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Link Found Between Neural Stem Cell Division and Autism

By Shana R. Spindler, Ph.D. on March 2, 2016


Background: The brain grows, in part, through the activity of neural stem cells—a cell population that replenishes itself through cell division. When a stem cell divides, it has three choices. It can make two new stem cells, a stem cell and a new cell type (such as a neuron), or two new cell types.


What’s new: An error in neural stem cell division may be at the root of neurodevelopmental problems seen in some metabolic disorders, according to a new study published February 9, 2016, in Cell Reports. Researchers used mice to study if neural stem cell division requires the autism risk gene TMLHE—which is an important contributor to metabolism and energy production in the powerhouse of the cell.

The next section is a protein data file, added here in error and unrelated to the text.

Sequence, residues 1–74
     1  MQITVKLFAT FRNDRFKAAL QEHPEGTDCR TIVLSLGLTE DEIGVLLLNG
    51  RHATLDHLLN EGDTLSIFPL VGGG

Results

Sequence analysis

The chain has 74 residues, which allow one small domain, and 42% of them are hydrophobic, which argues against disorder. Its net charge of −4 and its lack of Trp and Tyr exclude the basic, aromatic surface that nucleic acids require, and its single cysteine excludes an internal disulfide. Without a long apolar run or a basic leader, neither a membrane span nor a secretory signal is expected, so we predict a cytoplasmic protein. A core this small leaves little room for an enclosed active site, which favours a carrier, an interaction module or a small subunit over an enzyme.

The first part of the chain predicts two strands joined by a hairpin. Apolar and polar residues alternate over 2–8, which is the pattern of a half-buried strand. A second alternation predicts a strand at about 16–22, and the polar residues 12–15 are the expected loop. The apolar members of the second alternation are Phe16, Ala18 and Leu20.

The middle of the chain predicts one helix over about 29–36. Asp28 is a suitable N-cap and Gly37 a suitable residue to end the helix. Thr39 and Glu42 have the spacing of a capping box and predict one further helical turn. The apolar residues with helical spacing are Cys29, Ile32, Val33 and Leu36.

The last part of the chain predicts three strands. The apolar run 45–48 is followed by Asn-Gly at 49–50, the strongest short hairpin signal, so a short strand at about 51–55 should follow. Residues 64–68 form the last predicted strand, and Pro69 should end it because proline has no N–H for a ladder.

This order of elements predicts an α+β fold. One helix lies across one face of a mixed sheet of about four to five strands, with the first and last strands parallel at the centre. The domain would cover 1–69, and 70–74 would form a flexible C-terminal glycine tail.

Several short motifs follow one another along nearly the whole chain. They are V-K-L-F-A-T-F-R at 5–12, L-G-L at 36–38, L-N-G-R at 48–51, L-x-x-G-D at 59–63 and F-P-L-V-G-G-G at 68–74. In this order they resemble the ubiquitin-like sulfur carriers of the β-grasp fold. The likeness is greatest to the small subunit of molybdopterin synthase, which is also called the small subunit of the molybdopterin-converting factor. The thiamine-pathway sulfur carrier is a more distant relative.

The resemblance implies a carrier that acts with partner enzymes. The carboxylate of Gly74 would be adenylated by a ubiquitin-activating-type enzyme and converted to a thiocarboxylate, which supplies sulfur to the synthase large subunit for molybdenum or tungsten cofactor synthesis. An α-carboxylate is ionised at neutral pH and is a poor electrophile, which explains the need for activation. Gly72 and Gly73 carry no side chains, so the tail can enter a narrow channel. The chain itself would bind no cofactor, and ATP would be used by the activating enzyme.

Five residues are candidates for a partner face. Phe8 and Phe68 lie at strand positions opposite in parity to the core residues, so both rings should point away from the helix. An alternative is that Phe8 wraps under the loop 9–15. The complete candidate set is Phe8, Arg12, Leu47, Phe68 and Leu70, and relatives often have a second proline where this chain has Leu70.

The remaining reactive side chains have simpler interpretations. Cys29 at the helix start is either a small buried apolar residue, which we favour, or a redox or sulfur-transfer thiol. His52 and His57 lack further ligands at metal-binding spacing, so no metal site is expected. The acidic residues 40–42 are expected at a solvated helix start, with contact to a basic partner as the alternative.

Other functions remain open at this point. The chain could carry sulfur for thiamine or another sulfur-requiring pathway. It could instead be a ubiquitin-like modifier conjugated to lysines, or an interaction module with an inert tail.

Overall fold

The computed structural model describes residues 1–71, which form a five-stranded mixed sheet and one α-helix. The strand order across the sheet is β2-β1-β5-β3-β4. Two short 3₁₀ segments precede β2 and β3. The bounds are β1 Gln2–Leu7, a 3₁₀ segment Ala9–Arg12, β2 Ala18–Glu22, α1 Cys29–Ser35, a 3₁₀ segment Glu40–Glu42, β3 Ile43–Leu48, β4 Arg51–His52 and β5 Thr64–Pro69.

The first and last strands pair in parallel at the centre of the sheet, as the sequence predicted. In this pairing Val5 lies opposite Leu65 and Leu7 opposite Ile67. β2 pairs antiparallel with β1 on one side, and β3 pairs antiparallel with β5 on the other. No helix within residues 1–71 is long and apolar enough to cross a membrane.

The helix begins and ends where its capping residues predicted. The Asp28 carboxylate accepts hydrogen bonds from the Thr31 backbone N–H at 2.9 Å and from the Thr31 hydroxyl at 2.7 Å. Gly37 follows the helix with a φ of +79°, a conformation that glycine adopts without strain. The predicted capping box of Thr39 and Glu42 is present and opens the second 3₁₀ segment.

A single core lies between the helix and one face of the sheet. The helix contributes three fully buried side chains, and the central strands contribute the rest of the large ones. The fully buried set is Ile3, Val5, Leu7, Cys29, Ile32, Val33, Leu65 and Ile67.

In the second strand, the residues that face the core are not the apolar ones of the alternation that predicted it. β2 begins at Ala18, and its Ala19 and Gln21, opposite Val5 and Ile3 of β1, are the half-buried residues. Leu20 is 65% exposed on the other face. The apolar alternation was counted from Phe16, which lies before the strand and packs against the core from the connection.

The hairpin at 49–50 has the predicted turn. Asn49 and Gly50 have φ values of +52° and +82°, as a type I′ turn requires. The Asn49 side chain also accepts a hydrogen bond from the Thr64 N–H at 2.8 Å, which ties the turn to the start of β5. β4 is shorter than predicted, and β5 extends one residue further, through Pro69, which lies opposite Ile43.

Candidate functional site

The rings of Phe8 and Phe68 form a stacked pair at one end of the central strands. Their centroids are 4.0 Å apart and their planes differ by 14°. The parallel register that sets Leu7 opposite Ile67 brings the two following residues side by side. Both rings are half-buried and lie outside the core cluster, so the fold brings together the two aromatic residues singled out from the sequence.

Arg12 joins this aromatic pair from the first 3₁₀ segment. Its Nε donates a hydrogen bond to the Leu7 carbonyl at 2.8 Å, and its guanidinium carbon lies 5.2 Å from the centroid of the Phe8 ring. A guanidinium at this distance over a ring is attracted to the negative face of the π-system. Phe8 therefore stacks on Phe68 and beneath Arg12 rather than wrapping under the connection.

They found that TMLHE is required to maintain the proper balance between neural stem cell self-renewal versus the production of different cell types. The researchers showed that providing TMLHE-deficient stem cells with carnitine, a normal product of TMLHE activity, restored the balance of neural stem cell divisions.


Why it’s important: This study provides a potential mechanism for how a known autism risk gene leads to a type of autism associated with a metabolic disorder. Most importantly, the findings suggest an avenue for treating the disorder during embryonic development with carnitine, a common nutritional supplement. While it may be tempting to get excited, this is a far off goal, as many—many—additional studies are needed before attempting to study this in humans.

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